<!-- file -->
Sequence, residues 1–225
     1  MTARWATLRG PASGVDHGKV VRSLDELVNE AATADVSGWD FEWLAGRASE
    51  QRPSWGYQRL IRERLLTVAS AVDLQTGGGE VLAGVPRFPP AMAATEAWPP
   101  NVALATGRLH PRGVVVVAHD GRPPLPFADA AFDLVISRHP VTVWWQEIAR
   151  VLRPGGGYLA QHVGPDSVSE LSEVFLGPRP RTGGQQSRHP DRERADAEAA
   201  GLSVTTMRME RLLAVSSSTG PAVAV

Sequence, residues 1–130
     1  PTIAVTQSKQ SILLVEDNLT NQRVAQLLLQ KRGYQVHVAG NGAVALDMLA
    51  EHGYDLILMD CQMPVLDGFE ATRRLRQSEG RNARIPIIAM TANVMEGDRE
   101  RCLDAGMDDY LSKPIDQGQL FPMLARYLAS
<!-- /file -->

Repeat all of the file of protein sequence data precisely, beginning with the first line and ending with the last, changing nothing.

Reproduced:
Sequence, residues 1–225
     1  MTARWATLRG PASGVDHGKV VRSLDELVNE AATADVSGWD FEWLAGRASE
    51  QRPSWGYQRL IRERLLTVAS AVDLQTGGGE VLAGVPRFPP AMAATEAWPP
   101  NVALATGRLH PRGVVVVAHD GRPPLPFADA AFDLVISRHP VTVWWQEIAR
   151  VLRPGGGYLA QHVGPDSVSE LSEVFLGPRP RTGGQQSRHP DRERADAEAA
   201  GLSVTTMRME RLLAVSSSTG PAVAV

Sequence, residues 1–130
     1  PTIAVTQSKQ SILLVEDNLT NQRVAQLLLQ KRGYQVHVAG NGAVALDMLA
    51  EHGYDLILMD CQMPVLDGFE ATRRLRQSEG RNARIPIIAM TANVMEGDRE
   101  RCLDAGMDDY LSKPIDQGQL FPMLARYLAS